KnowHow Archive

Plan Sponsor Guide Participant Guide

Pocket "Watch"

Keeping an eye on that retirement plan distribution

Illustration by Aya Kakeda

The Employee Benefit Research Institute (EBRI) has reported that about 16.2 million working-age Americans reported ever having received a lump-sum distribution from a retirement plan when changing jobs, and that, through April of 2006, the average amount of these distributions was $32,219 (in 2006 dollars), while the median (mid-point) amount was $10,000.  Now, most of these were small—a little more than 21% of the distributions were less than $2,500, in fact—and EBRI’s data indicate that an increasing percentage of retirement plan participants are rolling over all of their lump-sum distributions on job change, and fewer are spending any of their distributions on consumption.

That said, the data also show that approximately 60% of those who took a lump-sum payment did not roll all of it into tax-­qualified savings.  In addition, while a more recent report from the Government Accountability Office (GAO) noted that cashouts of account balances at job separation have remained relatively steady over time, it also said those cashouts “can result in the largest amounts of leakage and the greatest proportional loss in retirement savings.”  Fidelity Investments recently reported an uptick in loans and hardship withdrawals during the second quarter of 2010.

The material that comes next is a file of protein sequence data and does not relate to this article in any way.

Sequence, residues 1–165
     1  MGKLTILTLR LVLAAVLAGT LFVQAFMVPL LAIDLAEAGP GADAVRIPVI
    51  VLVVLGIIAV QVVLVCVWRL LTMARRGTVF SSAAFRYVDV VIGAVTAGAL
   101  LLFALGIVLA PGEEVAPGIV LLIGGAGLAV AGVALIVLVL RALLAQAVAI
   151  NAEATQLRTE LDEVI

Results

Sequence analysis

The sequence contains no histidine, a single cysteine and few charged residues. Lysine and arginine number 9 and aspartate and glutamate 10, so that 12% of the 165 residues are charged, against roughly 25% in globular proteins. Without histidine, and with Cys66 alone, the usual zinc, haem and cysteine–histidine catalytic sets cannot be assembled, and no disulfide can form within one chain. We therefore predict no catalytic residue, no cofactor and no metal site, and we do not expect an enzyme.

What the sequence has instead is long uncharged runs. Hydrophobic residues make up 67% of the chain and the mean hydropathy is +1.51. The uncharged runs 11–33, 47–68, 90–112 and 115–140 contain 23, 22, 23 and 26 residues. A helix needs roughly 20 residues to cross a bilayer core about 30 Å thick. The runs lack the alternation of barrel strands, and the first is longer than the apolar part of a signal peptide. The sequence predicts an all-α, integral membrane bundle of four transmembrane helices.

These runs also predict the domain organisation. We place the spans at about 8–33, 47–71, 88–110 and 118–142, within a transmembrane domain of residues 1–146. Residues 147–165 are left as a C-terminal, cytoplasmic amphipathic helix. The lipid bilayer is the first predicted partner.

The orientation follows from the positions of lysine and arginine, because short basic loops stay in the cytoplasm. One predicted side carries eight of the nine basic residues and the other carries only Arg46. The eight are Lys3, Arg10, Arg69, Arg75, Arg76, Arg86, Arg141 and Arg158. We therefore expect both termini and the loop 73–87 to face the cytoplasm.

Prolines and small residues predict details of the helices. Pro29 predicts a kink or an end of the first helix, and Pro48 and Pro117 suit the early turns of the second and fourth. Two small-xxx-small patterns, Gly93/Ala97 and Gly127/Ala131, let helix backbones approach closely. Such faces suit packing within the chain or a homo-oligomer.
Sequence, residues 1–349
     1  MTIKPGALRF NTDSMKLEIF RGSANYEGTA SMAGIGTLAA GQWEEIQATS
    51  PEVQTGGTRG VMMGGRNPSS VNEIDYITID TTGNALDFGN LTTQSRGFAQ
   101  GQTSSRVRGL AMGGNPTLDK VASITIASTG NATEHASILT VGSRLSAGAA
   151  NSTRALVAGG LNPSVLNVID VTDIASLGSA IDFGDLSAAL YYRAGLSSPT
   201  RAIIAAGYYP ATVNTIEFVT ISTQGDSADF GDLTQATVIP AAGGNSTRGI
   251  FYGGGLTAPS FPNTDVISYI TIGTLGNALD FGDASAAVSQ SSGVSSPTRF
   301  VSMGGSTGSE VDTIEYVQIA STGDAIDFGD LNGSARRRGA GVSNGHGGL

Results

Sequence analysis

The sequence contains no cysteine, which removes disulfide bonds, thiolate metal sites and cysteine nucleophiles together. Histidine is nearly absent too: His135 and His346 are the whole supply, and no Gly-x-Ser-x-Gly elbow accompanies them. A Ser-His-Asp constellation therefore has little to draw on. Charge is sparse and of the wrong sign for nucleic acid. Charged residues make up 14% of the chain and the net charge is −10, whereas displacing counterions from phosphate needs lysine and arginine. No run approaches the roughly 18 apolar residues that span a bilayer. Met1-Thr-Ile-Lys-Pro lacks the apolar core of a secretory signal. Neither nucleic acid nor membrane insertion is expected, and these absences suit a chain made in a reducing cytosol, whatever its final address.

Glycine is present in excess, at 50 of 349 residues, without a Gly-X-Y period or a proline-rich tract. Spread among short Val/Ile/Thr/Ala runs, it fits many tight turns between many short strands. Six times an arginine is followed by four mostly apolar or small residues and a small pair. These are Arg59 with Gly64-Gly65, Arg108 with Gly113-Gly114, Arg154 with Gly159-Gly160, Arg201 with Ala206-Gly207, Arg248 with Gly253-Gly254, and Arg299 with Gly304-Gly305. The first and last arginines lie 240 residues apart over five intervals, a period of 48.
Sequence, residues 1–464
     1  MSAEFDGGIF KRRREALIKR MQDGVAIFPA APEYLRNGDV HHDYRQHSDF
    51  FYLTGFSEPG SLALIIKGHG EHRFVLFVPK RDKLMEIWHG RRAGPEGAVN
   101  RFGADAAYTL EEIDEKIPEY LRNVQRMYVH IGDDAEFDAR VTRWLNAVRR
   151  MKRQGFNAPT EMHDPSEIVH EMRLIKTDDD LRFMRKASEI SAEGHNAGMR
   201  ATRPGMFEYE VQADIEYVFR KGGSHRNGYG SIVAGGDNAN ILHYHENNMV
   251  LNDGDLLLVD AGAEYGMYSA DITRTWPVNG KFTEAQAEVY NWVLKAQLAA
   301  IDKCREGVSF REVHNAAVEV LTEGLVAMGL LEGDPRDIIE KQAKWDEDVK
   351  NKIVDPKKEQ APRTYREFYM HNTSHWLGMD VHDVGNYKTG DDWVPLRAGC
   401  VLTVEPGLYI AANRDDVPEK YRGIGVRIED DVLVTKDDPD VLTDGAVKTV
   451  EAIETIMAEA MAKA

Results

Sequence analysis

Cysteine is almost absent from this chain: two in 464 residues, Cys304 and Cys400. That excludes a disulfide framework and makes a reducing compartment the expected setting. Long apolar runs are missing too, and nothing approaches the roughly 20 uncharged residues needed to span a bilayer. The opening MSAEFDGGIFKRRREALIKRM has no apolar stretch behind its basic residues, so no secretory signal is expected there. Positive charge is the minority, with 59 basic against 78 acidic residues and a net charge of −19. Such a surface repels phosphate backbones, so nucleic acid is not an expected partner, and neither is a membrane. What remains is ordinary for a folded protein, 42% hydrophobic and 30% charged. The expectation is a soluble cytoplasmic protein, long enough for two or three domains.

For plan sponsors, the message is both optimistic and ominous. Retirement savings efforts are paying off but, in too many cases, that “payoff” is coming years before the participant’s actual retirement. Moreover, good intentions and prior behaviors notwithstanding, once that money is “in hand,” it all too frequently becomes a tempting target for some “here and now” consumption.

This month’s Know How outlines the options most participants have for those distributions, with the hope that it will encourage more to leave those savings invested, rather than spend them too soon. As always, we look forward to your reactions and comments.

The EBRI report is online at

The GAO report is at

Nevin E. Adams